Our data support a role for FOXO in atrophy, which is consistent with the studies mentioned above [16, 57]. Myotubes could be induced to hypertrophy by the PI3K/Akt pathway, which increases protein synthesis and blocks the up-regulation of MAFbx and MuRF1 that occurs during muscle atrophy [54, 59].
PI3K/AKT signaling leads to the activation of mTOR, p70S6, and various other pathways, which also promote muscle synthesis . Our study showed that L-carnitine reverses the TNF-α-induced muscle cell atrophy caused by regulation of the Akt/P70S6K/FOXO3a pathways, and by inhibiting muscle-specific ubiquitin ligases. A study by Peng et al. showed that disruption of the Akt1 and Akt2 genes in mice led to significant muscle atrophy . Studies have shown that Akt phosphorylation inhibits FOXO3a and blocks the upregulation of MuRF1 and MAFbx during muscle atrophy [16, 54]. Therefore, we examined the effects of an inhibitor of AKT1 (siRNA) in the cancer cachexia models, and found that the expression of the Akt/FOXO3a signaling pathways had changed, with higher expression of MaFbx. When the various groups were treated with L-carnitine, the expression levels of p-p70S6, p70S6, p-FOXO3a, FOXO3a, Akt, p-Akt, MuRF1 and MaFbx were all changed. Our results strongly suggest that the muscle atrophy induced by TNF-α is regulated, at least in part, by the Akt inhibition associated with FOXO3a and MaFbx. In the present study, L-carnitine increased the level of phosphorylated Akt, which may have been the reason why the differentiated muscle cells’ atrophy was improved.
Our current studies showed that L-carnitine efficiently ameliorated ongoing muscle atrophy in a cell cachexia model and murine cancer cachexia model. It should be noted that L-carnitine enhanced p-AKT, p-P70S6, and p-FOXO3a expression and inhibited the expression of MuRF1 and MaFbx in the gastrocnemius muscle, with major decreases in inflammatory cytokines IL-6 and IL-1.
Cachexic patients usually present with rapid weight loss, extreme muscle loss, anorexia, and ultimately, multiple organ dysfunction syndromes. Our data showed that L-carnitine could ameliorate muscle wasting in in vitro and in vivo models of cachexia. L-carnitine treatment also ameliorated inflammation in the tumor-bearing mouse model, which suggests that it could be beneficial for cancer patients. Further, L-carnitine decreased skeletal muscle wasting, possibly by blocking ubiquitin-mediated protein degradation via the Akt/FOXO3/MaFbx axis. Further studies will be needed to confirm whether L-carnitine is effective in the clinical setting.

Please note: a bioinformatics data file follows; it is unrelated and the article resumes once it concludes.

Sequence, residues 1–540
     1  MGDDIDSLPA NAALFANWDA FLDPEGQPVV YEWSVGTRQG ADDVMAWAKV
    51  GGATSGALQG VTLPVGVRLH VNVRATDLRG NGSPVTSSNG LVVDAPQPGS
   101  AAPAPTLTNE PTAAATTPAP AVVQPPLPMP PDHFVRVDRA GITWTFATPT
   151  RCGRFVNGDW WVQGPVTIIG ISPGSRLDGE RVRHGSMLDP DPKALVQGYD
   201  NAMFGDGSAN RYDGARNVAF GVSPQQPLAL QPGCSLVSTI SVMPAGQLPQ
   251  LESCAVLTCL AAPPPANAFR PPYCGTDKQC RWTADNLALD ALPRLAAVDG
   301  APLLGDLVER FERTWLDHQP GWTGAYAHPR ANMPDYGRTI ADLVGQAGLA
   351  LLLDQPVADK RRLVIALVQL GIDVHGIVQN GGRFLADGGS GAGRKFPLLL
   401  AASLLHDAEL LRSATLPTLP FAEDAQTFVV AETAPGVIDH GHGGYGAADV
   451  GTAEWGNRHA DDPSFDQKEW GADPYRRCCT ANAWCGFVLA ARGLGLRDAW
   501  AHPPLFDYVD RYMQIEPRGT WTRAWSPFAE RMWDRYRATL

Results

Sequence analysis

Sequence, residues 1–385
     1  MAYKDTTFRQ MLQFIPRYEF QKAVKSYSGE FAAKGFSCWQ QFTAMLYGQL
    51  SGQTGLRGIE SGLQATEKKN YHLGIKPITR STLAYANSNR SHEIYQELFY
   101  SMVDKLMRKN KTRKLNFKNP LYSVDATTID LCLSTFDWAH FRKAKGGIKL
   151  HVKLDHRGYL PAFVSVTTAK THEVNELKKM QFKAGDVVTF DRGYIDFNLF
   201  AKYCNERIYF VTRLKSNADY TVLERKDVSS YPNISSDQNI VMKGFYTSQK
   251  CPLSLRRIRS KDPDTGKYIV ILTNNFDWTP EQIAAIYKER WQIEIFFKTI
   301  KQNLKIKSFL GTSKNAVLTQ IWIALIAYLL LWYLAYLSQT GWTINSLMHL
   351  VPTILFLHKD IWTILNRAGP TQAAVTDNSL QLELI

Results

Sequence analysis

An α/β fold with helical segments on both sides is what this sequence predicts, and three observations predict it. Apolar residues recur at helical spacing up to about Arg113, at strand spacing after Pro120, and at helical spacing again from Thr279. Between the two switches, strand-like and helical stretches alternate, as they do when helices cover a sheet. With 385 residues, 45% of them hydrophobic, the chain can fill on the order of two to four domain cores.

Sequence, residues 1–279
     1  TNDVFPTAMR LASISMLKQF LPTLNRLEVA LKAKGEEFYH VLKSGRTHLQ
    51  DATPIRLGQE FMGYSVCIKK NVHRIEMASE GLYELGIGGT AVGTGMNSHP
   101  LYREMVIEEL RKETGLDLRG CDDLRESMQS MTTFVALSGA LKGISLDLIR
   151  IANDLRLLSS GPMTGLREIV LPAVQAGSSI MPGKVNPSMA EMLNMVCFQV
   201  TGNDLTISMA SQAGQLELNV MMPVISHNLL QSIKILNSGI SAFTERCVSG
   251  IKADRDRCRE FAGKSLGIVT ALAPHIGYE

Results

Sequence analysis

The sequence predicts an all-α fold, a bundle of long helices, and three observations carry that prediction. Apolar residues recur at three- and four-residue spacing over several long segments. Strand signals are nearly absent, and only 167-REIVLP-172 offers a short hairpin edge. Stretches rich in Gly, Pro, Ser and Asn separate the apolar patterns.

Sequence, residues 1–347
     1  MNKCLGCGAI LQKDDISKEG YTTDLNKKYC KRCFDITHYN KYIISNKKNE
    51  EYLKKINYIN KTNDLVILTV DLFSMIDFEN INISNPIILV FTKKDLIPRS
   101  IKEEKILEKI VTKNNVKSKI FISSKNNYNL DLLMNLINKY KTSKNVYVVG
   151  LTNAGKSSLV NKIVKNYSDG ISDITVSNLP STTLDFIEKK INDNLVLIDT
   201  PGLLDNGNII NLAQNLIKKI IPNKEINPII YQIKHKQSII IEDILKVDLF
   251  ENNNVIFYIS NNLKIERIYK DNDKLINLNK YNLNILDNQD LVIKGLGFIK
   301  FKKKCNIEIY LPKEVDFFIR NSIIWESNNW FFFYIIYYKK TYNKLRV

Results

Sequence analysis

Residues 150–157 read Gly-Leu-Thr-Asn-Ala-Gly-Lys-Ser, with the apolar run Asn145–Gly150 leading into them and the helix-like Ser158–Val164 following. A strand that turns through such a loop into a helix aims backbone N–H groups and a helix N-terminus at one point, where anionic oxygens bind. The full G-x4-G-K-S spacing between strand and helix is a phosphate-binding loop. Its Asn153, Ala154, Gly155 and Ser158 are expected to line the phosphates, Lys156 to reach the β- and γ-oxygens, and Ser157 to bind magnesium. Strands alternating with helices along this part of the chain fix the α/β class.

Availability of data and materials
The data used to support the findings of this study are available from the corresponding author upon request.
Protein kinase B
Body mass index
Cross-sectional fiber area
Cytochrome c oxidase subunit II
- CPTI- II:
Carnitine palmityl transferase I and II
Forkhead box O transcription factor family
Forkhead box O transcription factor 3a
Hematoxylin and eosin
Insulin like growth factor 1
Muscle atrophy F-box protein
Mitogen-activated protein kinase
Mammalian target of rapamycin
Muscle RING-type E3 ubiquitin ligase 1
Nuclear factor NF-kappa-B
Transforming growth factor beta
Tumor Necrosis Factor α
TNF-like weak inducer of apoptosis
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We are grateful to the Laboratory Animal Center and the Developmental Neuropsychological Laboratory of the Army Military Medical University.
This work was supported by grants from the National Natural Science Foundation of China (Grant No. 81673167 to Hongxia Xu and 81603347 to Zongliang Lu).
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The animal protocol was approved and all the experimental procedures were supervised by the Ethics Committee of the Third Military Medical University (SYXK20170002).
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Wu, C., Zhu, M., Lu, Z. et al. L-carnitine ameliorates the muscle wasting of cancer cachexia through the AKT/FOXO3a/MaFbx axis. Nutr Metab (Lond) 18, 98 (2021). https://doi.org/10.1186/s12986-021-00623-7
- Cancer cachexia
- Muscle atrophy
- C2C12 cells